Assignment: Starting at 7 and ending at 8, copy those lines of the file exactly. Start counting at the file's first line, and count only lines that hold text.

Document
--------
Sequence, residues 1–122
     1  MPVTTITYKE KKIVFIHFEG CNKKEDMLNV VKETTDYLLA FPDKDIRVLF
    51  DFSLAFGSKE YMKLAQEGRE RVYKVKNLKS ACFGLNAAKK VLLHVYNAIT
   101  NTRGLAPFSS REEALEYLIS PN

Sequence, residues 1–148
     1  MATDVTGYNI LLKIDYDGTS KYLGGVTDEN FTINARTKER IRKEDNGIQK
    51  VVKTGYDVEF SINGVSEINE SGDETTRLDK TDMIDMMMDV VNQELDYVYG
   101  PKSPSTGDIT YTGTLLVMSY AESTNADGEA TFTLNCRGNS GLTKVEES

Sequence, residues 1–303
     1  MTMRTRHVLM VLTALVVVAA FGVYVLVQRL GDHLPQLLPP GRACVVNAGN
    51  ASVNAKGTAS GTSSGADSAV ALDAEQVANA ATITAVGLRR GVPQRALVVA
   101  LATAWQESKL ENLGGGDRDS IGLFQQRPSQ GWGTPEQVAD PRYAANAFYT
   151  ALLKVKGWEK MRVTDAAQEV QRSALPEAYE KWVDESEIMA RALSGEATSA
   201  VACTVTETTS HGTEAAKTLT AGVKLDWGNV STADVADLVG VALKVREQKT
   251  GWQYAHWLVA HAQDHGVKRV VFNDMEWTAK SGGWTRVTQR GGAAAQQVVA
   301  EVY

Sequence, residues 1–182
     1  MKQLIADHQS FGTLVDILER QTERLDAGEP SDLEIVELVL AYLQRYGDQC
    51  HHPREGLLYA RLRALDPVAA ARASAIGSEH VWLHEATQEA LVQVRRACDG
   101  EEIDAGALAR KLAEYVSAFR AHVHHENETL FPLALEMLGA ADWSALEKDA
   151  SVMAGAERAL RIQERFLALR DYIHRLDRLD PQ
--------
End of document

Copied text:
    51  VVKTGYDVEF SINGVSEINE SGDETTRLDK TDMIDMMMDV VNQELDYVYG
   101  PKSPSTGDIT YTGTLLVMSY AESTNADGEA TFTLNCRGNS GLTKVEES